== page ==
Is The Gospel Coalition a Good Thing? Is Harold Ockenga Like John Piper?

Is The Gospel Coalition a Good Thing? Is Harold Ockenga Like John Piper? May 26, 2011

You can find scintillating answers to these and a number of other questions in an interview (part one, part two) I just did with historical theologian Nathan Finn. Nathan graciously asked me several questions following the release of the book I edited with David Mathis of Desiring God, The Pastor as Scholar, the Scholar as Pastor: Reflections on Life and Theology (Crossway, 2011, authored by John Piper and D. A. Carson–that’s Carson to the right speaking at the event that led to the book).

Nathan has released the interview in two parts–part one is on the forgotten Harold Ockenga and why he’s worthy of attention (and a dissertation!), and part two is about The Gospel Coalition, theological moves in the Southern Baptist Convention, and pastor-theologians.  I can’t speak to the helpfulness of my responses to Nathan’s great questions, but I can say that this was a very fun interview to do.

Nathan is a leading young scholar and historian teaching at the sister seminary of The Southern Baptist Theological Seminary, Southeastern Baptist Theological Seminary. He teaches a great deal at the highly esteemed First Baptist Durham, the reformed congregation led by Bostonian Dr. Andy Davis, a preacher worth hearing and emulating.  He has edited a number of books and chapters which I would commend to you.  Nathan likes Allison Krauss, Broadway musicals, and the Atlanta Braves, but we won’t hold that last one against him.  I’m grateful for Nathan and his scholarly, unapologetically theological ministry, which is a model for other young evangelical scholars.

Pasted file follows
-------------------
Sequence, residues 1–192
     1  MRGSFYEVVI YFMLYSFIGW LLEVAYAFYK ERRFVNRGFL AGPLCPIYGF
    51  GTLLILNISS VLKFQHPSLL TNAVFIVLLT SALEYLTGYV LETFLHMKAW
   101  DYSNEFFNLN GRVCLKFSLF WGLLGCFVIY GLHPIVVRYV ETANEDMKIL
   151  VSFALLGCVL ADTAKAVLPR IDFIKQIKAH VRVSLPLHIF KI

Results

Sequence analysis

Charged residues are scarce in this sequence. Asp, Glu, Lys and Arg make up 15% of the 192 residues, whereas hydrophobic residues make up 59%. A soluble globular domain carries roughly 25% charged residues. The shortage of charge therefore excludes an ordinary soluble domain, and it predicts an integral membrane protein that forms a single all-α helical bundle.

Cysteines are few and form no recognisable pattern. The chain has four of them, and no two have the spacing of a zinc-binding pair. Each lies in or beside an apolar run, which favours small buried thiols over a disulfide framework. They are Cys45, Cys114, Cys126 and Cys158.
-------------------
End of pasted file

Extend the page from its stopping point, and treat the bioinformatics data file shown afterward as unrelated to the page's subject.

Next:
I’ll leave you to surf over to Nathan’s site.  By the way, One Baptist Perspective is a fantastic church history resource.  Bookmark it or load it into your feed reader.  In the meantime, I’ll look forward with Nathan to seeing what the Lord does in the SBC and the evangelical movement more broadly to bring health to our churches.  It is my conviction that the rise and recovery of the pastor-theologian model is a major sign of future health for our churches.  I’m thrilled to see awareness of this historic model spreading, and I hope for many more young guns to catch this vision and storm the gates of hell on a mission of Christocentric dominion, possessing every tool and weapon attainable from ministry training in order to give glory to the Father.

(Image: the beloved Henry Center)

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